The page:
Galactose is sugar. It is a sugar of the hexose class which is a constituent of lactose and many polysaccharides. It has almost the same chemical structure as glucose. It is metabolized to glucose-1-phosphate through the Leloir pathway for glycolysis, this pathway maintains the pools of UDP-sugars for the biosynthesis of glycoconjugates. It is usually found in nature combined with other sugars, as, for example, in lactose (milk sugar).
Galactose is a monosaccharide and has the same chemical formula as glucose, i.e., C6H12O6. It is found as the monosaccharide in peas. It is similar to glucose in its structure, differing only in the position of one hydroxyl group. This difference, however, gives galactose different chemical and biochemical properties to glucose. Galactose is classified as a monosaccharide, an aldose, a hexose, and is a reducing sugar.
Large amounts of pure galactose do not exist in nature. The major dietary source of galactose is lactose, a disaccharide formed from one molecule of glucose plus one galactose. Instead, galactose is usually found with glucose in lactose, a sugar found in milk and other milk products. Lactose is found only in milk; after weaning, significant quantities of dietary lactose are found only in dairy products. It is a hexose widely used to build up biologically functional glycoconjugates in living organisms.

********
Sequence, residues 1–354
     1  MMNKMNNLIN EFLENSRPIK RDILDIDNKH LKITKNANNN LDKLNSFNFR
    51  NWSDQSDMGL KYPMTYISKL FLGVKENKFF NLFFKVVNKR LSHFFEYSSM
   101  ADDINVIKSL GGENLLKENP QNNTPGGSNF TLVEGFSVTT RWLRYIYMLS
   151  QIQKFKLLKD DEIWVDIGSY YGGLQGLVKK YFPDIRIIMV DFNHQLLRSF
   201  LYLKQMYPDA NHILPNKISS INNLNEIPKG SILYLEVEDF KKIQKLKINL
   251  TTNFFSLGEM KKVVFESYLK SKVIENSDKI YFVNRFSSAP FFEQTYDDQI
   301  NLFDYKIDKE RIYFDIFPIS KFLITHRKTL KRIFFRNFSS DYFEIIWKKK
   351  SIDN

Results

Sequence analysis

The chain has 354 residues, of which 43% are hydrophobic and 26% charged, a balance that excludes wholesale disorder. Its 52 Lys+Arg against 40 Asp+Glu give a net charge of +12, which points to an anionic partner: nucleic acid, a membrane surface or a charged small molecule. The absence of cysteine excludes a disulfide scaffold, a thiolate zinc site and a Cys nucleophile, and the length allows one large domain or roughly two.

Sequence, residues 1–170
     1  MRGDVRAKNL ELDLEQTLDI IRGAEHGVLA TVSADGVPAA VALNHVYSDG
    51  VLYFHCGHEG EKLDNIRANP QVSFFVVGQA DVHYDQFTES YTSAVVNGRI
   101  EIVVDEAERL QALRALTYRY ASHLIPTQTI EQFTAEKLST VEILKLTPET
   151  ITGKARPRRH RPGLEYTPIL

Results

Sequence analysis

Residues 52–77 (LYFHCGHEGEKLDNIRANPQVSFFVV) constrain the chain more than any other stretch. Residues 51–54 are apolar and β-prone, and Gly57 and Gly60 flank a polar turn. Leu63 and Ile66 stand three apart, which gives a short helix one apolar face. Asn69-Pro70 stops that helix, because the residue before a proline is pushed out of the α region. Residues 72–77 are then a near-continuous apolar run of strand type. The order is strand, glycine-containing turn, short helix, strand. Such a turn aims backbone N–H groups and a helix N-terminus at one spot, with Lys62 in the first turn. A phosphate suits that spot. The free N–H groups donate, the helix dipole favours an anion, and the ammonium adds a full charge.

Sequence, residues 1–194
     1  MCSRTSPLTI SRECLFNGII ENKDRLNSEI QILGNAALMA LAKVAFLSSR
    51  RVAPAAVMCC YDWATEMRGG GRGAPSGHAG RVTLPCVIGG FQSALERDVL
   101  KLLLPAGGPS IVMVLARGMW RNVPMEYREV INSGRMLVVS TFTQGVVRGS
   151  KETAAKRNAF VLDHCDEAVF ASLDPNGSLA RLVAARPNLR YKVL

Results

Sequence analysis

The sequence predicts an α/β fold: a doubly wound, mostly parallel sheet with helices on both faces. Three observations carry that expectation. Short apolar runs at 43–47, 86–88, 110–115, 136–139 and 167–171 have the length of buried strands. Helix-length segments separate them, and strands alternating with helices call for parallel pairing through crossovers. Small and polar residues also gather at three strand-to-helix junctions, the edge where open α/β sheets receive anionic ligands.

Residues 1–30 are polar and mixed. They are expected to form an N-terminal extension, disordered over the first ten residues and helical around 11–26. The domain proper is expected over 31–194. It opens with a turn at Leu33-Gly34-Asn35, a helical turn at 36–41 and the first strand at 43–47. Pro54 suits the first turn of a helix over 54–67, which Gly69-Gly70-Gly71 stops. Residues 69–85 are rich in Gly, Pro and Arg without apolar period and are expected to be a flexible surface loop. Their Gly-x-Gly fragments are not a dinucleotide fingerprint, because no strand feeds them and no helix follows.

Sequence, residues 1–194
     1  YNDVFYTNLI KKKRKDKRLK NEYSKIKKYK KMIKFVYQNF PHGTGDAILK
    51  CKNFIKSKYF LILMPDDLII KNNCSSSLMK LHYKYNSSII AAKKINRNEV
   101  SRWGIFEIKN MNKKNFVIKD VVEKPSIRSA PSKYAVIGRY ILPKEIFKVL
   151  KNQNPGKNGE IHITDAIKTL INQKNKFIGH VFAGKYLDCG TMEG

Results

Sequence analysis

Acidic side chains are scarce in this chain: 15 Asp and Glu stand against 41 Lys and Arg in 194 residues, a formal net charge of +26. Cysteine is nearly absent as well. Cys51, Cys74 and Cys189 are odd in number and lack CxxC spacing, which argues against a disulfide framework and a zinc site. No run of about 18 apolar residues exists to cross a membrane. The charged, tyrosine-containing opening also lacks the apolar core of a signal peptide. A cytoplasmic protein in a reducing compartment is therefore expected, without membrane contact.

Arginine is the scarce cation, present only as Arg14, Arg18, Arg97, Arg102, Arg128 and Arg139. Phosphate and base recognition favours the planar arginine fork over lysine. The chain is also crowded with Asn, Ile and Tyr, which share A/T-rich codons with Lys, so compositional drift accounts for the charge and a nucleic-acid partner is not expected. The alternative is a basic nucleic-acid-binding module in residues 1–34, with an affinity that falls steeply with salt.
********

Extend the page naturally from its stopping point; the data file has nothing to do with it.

Galactose is an energy-providing nutrient and also a necessary basic substrate for the biosynthesis of many macromolecules in the body. It is not an essential nutrient, which means you do not need to get it from food to be healthy; galactose can be synthesized in the human body from glucose. Galactose is an important constituent of the complex polysaccharides, which are part of cell glycoconjugates, key elements of immunological determinants, hormones, cell membrane structures, endogenous lectins, and numerous other glycoproteins. In the human body, most of the ingested galactose is converted to glucose, which can provide 4.1 kilocalories per gram of energy, which is about the same as sucrose.
Most of the galactose ingested by humans gets converted to glucose. After lactose is digested and absorbed, galactose arrives in the liver. It is a disaccharide that is made up of two sugars, galactose and glucose, that are bound together. There it is changed into either glucose or glycogen. Foods containing small amounts of free galactose include low-lactose or lactose-free milk, certain yogurts, cheeses, creams, ice creams and other foods artificially sweetened with galactose.